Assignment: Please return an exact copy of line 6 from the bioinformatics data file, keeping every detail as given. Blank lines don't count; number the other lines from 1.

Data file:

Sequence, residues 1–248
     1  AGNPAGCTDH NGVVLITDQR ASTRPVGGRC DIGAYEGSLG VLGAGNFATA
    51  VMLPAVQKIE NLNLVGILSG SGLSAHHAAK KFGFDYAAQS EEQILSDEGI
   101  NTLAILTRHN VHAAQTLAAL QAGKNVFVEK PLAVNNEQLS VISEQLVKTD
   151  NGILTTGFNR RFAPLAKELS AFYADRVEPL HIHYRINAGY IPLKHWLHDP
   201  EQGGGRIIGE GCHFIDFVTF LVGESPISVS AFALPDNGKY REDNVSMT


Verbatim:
   201  EQGGGRIIGE GCHFIDFVTF LVGESPISVS AFALPDNGKY REDNVSMT